You might call “The Gift Horse” Lydia R. Diamond in the rough. First produced in 2002, when “Stick Fly” and “Smart People” were just glimmers in Diamond’s keen eye, the play — seen here in its area premiere by New Repertory Theatre (at the Mosesian Center for the Arts through May 14) — is less sophisticated and more fractured than its acclaimed successors. It is also crammed to bursting with issues of race, sex and psychology, not to mention the AIDS crisis and a few big clichés. But boy, does it prove its author can shout and twist.
A onetime Cambridge resident and Huntington Playwriting Fellow, Diamond has had her plays produced locally by both the Huntington, which staged “Stick Fly” and premiered “Smart People,” and Company One Theatre, which did her multi-layered “Voyeurs de Venus” and affecting adaptation of Toni Morrison’s “The Bluest Eye.” Additionally, Diamond’s “Harriet Jacobs,” based on the only American slave narrative written by a woman, was staged at Central Square Theater.
Now New Rep gets into the act with this skillfully staged and well-acted revival of “The Gift Horse,” a comedy-drama that unfolds over several decades, employing narration, flashback and multiple locales. The New Rep production, helmed by artistic director Jim Petosa, both brings out the warmth of the piece and embraces its splintered form, mounting it on a set by Jon Savage that resembles an urban-landscape jigsaw puzzle.
At the heart of the work is an exuberant African-American artist/teacher named Ruth, who, in the charismatic person of Obehi Janice, sports as many braids as her character has hang-ups. We first meet Ruth as she interacts with a mysterious young cellist who seems to exist outside the action of the play, telling her own story of artistic engagement. The two characters are riffing on famous mothers: Mother of Jesus, Mother Courage, Mother Teresa, Mother Goose. You get the idea, and you will get much more if you stick with “The Gift Horse” until the end.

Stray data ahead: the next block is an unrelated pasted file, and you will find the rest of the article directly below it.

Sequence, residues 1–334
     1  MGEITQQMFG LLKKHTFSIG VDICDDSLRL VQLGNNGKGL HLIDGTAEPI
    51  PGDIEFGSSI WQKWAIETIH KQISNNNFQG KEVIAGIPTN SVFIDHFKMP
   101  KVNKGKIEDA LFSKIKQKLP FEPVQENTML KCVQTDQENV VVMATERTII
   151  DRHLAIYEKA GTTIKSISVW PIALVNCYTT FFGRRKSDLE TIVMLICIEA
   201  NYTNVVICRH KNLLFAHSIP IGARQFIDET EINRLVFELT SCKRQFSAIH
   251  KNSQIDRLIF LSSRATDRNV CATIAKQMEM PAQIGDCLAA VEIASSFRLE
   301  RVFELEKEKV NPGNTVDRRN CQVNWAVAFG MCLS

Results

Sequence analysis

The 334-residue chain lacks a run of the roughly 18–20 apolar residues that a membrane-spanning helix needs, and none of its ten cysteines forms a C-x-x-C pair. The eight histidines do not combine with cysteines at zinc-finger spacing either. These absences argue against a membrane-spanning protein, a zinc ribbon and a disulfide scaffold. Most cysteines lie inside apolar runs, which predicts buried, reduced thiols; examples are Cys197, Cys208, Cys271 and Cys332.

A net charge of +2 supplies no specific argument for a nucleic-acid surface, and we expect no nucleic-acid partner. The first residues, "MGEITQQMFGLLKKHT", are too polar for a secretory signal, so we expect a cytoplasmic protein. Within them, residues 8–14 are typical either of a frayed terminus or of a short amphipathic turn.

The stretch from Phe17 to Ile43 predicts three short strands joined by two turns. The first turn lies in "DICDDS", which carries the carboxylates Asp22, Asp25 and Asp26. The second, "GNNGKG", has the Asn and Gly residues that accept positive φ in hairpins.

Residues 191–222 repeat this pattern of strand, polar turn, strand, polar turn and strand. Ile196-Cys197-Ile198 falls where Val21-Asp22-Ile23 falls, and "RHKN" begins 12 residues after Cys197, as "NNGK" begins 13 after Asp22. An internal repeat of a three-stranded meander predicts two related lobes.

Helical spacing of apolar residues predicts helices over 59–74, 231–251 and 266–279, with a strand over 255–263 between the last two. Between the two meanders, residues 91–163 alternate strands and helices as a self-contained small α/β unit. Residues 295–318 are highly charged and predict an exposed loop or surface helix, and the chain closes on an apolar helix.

Following the maternal jiving, we return to the 1980s when college-age Ruth first bonds with her gay Latino soulmate Ernesto, who later becomes both a psychologist and her roommate. Theirs is a close, bantering relationship that will persist well into the future, when it becomes something of an annoyance to Ruth’s otherwise affectionate psychologist spouse, Brian. In fact, Ernesto and his significant others will pop into scenes of Ruth’s life where they arguably have no business entering into or commenting on the action.
From Ruth’s salad days, we leapfrog about in time as she ultimately confronts the painful childhood experience that has rendered her flirtatious but sexually fearful. (It’s not Diamond’s fault that this particular trauma has been blunted by dramaturgical overuse.) Meanwhile, Ernesto lives out his own love drama, which careers from horror to sweetness. In its quirky portrayal of the ways in which we carve our unorthodox, non-nuclear families, the play is a little like “Falsettos” without the songs.
“The Gift Horse” is also like “Falsettos” in its blend of comedy and tenderness and in its invention of credibly capricious characters. Most intriguing of these is Ruth, who is as stymied by matters of race as by her repressed childhood memories. Guiltily self-centered and smug about her charms, she is nonetheless highly empathetic. She is also, as enacted by the commandingly likeable Janice, irrepressible.
Alas, some of the other characters are less vividly drawn. Ernesto presents an intriguing combination of religious and romantic fervor to which Alejandro Simoes brings a relaxed, almost impish charm. The reliable Maurice Emmanuel Parent imbues Brian with both gravitas and sexual spark, but the character’s rigidity and disconnect from a past life are insufficiently probed.
Cloteal L. Horne, appearing to saw away at the Bach suites on her cello, spiritedly articulates what must be Diamond’s view of the sacred relationship of art and audience. And she ultimately leads us back to that initial meditation on motherhood. Zachary Rice is given little to work with beyond a sage, playful calm. And Lewis D. Wheeler does a deceptively casual job of acting a guy who is acting.
So, no — “The Gift Horse,” written when Diamond was in her early 30s and first performed at Chicago’s Goodman Theatre, is not as smart or as provocative as some of her more recent works. But it’s surprising and witty and comes at us in an adventurous jumble that compels by holding back. Whatever the adage about free equine offerings, “The Gift Horse” is well worth a look in the mouth — even if, as an orthodontist might say, it’s a little overcrowded in there.